Making something people want == product-market fit?

One common use of the product-market fit concept “disregards” the greatness of the market inherent to Andreessen’s original use. By the way, in our experience, this is the most common way people use the term “product-market fit” nowadays, and frankly, this meaning does derive more naturally from the term. Anyway, under this definition, product-market fit, or PMF, for short, is when you’ve built something that some set of users (a market), regardless of how small it is, love.

Paul Graham, of Y Combinator fame, calls this “making something people want.” In his “How to Get Startup Ideas” essay, which is amazing, he explains why startups should find small niches within big markets and find love from users in these niches before venturing out to a broader market:

When a startup launches, there have to be at least some users who really need what they’re making — not just people who could see themselves using it one day, but who want it urgently. Usually this initial group of users is small, for the simple reason that if there were something that large numbers of people urgently needed and that could be built with the amount of effort a startup usually puts into a version one, it would probably already exist. Which means you have to compromise on one dimension: you can either build something a large number of people want a small amount, or something a small number of people want a large amount. Choose the latter. Not all ideas of that type are good startup ideas, but nearly all good startup ideas are of that type.

Imagine a graph whose x axis represents all the people who might want what you’re making and whose y axis represents how much they want it. If you invert the scale on the y axis, you can envision companies as holes. Google is an immense crater: hundreds of millions of people use it, and they need it a lot. A startup just starting out can’t expect to excavate that much volume. So you have two choices about the shape of hole you start with. You can either dig a hole that’s broad but shallow, or one that’s narrow and deep, like a well.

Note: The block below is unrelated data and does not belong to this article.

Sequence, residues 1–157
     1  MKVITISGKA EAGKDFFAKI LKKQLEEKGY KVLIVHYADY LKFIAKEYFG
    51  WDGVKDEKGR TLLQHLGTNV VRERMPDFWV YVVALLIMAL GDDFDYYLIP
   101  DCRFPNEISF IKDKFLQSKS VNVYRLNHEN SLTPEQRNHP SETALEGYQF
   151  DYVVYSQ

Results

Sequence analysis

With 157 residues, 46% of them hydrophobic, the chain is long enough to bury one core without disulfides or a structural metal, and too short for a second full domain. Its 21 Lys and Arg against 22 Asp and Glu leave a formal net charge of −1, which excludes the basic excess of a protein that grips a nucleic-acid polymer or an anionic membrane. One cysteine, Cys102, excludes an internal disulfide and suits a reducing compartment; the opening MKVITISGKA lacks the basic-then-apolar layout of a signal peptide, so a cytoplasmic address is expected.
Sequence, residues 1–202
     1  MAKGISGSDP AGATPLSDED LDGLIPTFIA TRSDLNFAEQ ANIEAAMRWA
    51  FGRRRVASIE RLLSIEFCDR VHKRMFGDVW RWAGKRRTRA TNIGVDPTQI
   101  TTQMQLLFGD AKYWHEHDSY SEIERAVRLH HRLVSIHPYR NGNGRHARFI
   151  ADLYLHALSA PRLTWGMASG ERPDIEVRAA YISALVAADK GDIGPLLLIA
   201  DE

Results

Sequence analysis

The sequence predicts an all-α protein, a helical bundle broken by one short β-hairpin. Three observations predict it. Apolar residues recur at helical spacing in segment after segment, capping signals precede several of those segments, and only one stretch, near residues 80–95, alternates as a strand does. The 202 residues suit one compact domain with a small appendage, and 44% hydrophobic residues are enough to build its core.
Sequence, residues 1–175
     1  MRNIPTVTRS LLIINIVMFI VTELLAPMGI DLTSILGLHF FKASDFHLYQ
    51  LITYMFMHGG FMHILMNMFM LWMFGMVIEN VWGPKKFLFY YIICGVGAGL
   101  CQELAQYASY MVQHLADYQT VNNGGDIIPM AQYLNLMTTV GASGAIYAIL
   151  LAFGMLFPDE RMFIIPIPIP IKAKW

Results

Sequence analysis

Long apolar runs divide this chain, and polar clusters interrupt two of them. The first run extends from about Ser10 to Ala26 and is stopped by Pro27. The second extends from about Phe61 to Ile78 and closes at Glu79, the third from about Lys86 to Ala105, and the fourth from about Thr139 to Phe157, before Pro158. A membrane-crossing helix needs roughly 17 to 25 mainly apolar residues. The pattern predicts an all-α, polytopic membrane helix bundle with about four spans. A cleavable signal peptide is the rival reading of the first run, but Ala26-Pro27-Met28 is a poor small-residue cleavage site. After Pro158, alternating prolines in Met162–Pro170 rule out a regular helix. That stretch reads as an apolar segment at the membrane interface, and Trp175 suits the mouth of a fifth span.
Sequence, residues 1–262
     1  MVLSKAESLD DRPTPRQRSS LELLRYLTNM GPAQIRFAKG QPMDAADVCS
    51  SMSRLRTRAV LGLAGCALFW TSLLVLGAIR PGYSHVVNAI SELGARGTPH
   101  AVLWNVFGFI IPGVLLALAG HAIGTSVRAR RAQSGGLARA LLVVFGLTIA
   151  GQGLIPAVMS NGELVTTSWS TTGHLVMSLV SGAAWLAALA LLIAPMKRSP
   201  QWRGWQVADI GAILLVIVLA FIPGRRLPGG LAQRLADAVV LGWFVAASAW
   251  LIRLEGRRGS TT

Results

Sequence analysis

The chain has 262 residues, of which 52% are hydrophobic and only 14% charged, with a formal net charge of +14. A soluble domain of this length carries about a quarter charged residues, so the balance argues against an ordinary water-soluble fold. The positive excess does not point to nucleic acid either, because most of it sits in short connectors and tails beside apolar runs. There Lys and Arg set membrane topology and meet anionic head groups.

Graham goes on to explain why he thinks the “market” is not as big of a factor to optimize for [3]. First, because markets evolve and usually have many adjacencies, and some of the best startups have tackled markets that looked small initially but that went on to become huge, either on their own or by merging with nearby adjacent markets. Second, because entrepreneurs most probably won’t be able to find a clearly amazing market that’s still untapped – chances are somebody will have taken it on already. Third, that the true bottleneck is getting users to love something. That if you can do that, you can figure the market problem later.

Nearly all good startup ideas are of the second type [4]. Microsoft was a well when they made Altair Basic. There were only a couple thousand Altair owners, but without this software they were programming in machine language. Thirty years later Facebook had the same shape. Their first site was exclusively for Harvard students, of which there are only a few thousand, but those few thousand users wanted it a lot [5].

When you have an idea for a startup, ask yourself: who wants this right now? Who wants this so much that they’ll use it even when it’s a crappy version one made by a two-person startup they’ve never heard of? If you can’t answer that, the idea is probably bad.

You don’t need the narrowness of the well per se. It’s depth you need; you get narrowness as a byproduct of optimizing for depth (and speed). But you almost always do get it. In practice the link between depth and narrowness is so strong that it’s a good sign when you know that an idea will appeal strongly to a specific group or type of user.